In sunset years one appreciates being around a familiar face, someone who knows you from scratch.
I now know why people get married – to have someone to rattle around the house with in old age. Especially in these times of coronavirus, the possibility of being locked up for life with another person, who will politely die after you, is welcome. Marriage finally begins to make sense in the winter of your life.
High on hormones, one chooses a mate in extreme youth, playing eenie meenie miney mo – saying this one, no, that one. Chances are you ‘fell in love’ while slipping on a banana peel.
Then in the following years of brutal adjustment, replete with crying to mommy, imaginary or real affairs with a colleague, juggling kids and the cook and the household chores and retard bosses, one is just too generally fatigued to coherently articulate the process even to oneself. It is presumed that everyone of your age is living the same rubbish life. Just waking up on time and getting some sleep at night are major achievements. This phase of the marriage is a blur and goes by in blazing rows and forgettable make-up sex. Keeping the kids alive is the main job.
All jokes about a mid-life crisis are cracked right about now. The spirit is like, hey, let’s switch tracks, find you a newer model to remarry; and the flesh is like, er, have you looked at me lately?
Then comes the empty nest and the first fledgling need to communicate with another adult, usually your partner. This is also called the ‘do or die’ stage of marriage, when one spouse or both either separate forever or coldbloodedly catalogue each other’s positive-negative traits and decide with a sigh to stay on.
By now you know everything there is to know about each other, nothing is a surprise. One party may talk longingly of a stranger they met or an old classmate who is now single; the other party pretends not to hear. Illness strikes sometime around then, making the interdependence obvious to the concerned parties. Running away with a stranger looks less and less appealing. Old and infirm, no one wants to become a burden immediately upon elopement.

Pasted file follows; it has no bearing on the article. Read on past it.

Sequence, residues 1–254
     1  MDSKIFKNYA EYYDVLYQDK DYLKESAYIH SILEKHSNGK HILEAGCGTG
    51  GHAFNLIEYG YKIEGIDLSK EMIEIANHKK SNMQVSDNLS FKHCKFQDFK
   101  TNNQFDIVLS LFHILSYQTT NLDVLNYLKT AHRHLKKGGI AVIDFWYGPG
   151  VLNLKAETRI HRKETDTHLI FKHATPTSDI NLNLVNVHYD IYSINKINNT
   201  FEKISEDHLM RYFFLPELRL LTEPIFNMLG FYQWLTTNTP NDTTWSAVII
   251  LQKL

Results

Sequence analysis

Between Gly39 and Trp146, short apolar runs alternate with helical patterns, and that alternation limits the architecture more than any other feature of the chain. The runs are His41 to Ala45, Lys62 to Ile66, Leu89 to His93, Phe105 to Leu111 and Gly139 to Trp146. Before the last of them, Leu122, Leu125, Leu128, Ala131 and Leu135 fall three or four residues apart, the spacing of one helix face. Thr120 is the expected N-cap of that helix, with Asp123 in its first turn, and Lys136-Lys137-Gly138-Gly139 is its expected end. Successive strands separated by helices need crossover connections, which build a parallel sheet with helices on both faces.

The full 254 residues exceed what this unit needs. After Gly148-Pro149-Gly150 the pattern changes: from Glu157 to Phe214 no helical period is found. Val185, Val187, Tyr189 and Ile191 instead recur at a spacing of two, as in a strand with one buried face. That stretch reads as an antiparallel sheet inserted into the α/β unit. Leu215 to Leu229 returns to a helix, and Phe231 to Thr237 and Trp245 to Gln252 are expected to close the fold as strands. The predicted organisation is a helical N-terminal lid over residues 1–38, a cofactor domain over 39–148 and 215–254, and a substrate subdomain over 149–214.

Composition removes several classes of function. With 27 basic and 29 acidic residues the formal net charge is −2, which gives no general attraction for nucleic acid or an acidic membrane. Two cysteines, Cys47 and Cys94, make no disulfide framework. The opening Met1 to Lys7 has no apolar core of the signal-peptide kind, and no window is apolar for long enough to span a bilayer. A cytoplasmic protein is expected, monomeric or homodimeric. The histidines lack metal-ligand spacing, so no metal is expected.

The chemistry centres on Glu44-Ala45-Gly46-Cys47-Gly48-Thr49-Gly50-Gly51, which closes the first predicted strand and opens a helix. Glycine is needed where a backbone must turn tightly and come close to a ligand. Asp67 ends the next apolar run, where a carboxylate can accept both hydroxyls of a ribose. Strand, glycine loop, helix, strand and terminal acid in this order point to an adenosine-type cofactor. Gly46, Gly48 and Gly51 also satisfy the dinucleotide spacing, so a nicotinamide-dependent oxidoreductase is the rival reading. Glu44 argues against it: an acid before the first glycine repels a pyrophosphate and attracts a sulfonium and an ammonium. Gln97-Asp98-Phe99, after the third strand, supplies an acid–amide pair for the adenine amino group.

In sunset years one appreciates being around a familiar face, someone who knows you from scratch. No need to dazzle, no need to woo, no need to choose anew which side of bed you prefer.
By now one spouse has thrown the other a surprise sixtieth birthday, dialing up all former friends right up from KG onward. By now one spouse has been incontinent or fainted or is diagnosed with a terminal illness that needs pills and physio unto death. By now all your eccentricities and mild autisms are well-worn family jokes. Nobody loves you for them, sure, but no one notices it with a shudder either.
Comfort and dull routines are the stuffing of elderly life. Airing regrets, gently rebuking long-time marital adversary, lying on an easy-chair with TV remote in hand, and reminiscing over righteously turning down The One who now lives among your enlarged pictures somewhere in the Sahara – that’s senior citizen heaven.
Shinie Antony is a writer and editor based in Bangalore. Her books include The Girl Who Couldn't Love, Barefoot and Pregnant, Planet Polygamous, and the anthologies Why We Don’t Talk, An Unsuitable Woman, Boo. Winner of the Commonwealth Short Story Asia Prize for her story A Dog’s Death in 2003, she is the co-founder of the Bangalore Literature Festival and director of the Bengaluru Poetry Festival.